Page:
Friction stir welding of ultrafine grained aluminum alloys: a review

Document Type : Review Paper


School of Metallurgy and Materials Engineering, College of Engineering, University of Tehran, Tehran, Iran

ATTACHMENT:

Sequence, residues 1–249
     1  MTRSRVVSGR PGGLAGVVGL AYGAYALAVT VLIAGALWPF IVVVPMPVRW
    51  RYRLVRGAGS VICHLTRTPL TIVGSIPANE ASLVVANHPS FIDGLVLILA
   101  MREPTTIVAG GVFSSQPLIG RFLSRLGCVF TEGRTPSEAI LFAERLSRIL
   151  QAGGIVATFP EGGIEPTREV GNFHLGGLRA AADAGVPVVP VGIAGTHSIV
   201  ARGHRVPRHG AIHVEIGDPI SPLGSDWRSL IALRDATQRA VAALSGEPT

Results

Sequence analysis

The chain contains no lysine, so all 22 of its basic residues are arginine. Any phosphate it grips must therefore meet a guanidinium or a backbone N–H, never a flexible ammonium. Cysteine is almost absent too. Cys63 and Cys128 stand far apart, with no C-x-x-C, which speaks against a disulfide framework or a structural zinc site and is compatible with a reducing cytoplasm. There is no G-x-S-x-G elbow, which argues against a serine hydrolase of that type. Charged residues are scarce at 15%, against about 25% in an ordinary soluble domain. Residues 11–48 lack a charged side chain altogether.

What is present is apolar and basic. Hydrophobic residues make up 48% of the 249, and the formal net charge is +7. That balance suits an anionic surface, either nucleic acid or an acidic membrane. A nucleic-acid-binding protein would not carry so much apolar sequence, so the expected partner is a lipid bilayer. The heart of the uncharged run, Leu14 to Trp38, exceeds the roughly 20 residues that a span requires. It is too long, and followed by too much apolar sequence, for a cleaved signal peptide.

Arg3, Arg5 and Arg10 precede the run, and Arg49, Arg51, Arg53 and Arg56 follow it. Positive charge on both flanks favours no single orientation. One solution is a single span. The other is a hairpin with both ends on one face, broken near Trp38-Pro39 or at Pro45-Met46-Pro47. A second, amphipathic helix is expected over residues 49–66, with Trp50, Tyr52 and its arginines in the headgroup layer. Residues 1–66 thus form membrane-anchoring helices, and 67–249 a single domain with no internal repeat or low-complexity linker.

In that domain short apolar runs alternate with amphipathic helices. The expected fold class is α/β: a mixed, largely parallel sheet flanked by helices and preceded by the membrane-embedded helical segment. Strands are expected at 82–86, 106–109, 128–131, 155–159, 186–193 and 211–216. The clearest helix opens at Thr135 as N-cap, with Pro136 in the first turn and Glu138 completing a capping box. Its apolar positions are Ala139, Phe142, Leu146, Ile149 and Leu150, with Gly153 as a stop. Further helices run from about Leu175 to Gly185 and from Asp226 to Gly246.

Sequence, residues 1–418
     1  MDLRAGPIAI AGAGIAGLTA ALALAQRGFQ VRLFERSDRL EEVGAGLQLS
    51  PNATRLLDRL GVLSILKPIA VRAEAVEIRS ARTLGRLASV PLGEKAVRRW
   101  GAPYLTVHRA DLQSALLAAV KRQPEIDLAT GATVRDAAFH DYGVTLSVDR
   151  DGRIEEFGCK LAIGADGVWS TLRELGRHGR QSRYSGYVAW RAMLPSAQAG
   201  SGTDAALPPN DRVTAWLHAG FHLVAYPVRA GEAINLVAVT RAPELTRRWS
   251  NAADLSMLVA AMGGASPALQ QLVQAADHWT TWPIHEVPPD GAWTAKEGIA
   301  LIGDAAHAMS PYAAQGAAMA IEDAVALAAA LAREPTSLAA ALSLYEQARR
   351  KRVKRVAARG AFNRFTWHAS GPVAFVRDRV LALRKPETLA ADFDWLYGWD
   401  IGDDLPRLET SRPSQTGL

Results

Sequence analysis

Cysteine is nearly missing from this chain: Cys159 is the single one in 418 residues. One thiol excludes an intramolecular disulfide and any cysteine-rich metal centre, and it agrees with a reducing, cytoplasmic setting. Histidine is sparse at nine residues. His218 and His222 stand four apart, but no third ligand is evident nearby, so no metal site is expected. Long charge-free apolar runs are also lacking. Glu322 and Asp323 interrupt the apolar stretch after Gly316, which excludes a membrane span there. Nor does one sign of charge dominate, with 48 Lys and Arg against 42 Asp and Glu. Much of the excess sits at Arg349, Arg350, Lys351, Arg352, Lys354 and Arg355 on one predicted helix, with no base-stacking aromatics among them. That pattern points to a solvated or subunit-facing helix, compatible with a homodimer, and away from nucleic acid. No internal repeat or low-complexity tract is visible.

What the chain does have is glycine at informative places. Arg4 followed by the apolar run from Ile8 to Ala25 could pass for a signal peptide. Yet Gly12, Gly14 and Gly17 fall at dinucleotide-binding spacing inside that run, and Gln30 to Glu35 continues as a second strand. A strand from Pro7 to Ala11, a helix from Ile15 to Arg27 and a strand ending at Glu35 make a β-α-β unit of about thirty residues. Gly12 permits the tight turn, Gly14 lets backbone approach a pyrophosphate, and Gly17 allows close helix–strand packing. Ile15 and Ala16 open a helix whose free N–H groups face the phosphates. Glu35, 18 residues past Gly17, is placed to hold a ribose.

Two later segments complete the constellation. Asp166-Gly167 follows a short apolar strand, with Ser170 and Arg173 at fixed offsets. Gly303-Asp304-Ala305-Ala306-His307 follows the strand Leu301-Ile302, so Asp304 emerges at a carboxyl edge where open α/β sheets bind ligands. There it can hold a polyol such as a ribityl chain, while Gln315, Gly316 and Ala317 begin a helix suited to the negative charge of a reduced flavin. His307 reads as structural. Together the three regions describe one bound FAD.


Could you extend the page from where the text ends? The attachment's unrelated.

Severe plastic deformation (SPD) has been one of promising routes to fabricate ultrafine-grained (UFG) materials, especially aluminum alloys. However, the SPD products often suffer from their small size. This issue implies the necessity of welding of UFG aluminum alloys for making them usable in complex, large forms in industries. Among various welding processes, those based on solid state welding seem to be more consistent with UFG materials. This is associated with the instability of UFG materials upon intense heating cycle that is common in fusion state welding processes. Friction stir welding (FSW) as a well-known process in the category of solid state welding is widely used for welding of aluminum alloys. This review paper provides an overview of the state-of-the-art of FSW of UFG aluminum alloys. To do so, specific attention is given to microstructural and textural evolutions, effect of secondary particles, and cooling medium. Applying cryogenic cooling medium as well as secondary nanoparticles could inhibit excessive grain growth in the stir zone, which were beneficial to improve the strength of the stir zone without remarkable decrease in the ductility. These processing routes did not affect the main recrystallization mechanism of the stir zone.


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